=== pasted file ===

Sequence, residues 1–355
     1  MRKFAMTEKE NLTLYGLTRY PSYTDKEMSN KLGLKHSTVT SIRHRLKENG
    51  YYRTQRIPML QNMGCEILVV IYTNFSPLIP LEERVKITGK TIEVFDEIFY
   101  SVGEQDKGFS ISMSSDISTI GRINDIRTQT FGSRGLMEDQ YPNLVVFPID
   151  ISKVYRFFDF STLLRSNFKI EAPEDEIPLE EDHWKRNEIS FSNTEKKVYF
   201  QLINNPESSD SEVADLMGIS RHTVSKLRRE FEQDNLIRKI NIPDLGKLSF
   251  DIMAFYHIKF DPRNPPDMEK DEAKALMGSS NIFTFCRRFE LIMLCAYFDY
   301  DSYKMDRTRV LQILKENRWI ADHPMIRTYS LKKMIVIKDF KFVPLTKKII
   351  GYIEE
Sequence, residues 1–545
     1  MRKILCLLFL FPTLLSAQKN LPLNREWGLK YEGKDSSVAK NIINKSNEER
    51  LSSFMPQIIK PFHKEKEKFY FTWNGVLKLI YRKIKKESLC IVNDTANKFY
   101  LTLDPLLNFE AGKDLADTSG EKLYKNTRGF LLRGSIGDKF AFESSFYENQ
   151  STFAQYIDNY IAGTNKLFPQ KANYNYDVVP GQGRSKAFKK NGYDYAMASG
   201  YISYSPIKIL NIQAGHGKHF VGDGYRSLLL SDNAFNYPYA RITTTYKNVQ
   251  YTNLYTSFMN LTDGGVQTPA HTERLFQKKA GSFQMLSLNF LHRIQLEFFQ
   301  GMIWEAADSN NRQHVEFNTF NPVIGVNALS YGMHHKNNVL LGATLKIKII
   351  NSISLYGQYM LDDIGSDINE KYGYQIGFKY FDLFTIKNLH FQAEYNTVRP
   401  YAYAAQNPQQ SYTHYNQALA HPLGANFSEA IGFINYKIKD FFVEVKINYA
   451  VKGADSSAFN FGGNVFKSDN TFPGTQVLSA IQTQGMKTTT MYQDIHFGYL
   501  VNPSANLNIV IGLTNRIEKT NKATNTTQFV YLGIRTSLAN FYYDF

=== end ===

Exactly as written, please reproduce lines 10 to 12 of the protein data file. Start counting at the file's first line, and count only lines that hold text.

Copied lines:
Sequence, residues 1–545
     1  MRKILCLLFL FPTLLSAQKN LPLNREWGLK YEGKDSSVAK NIINKSNEER
    51  LSSFMPQIIK PFHKEKEKFY FTWNGVLKLI YRKIKKESLC IVNDTANKFY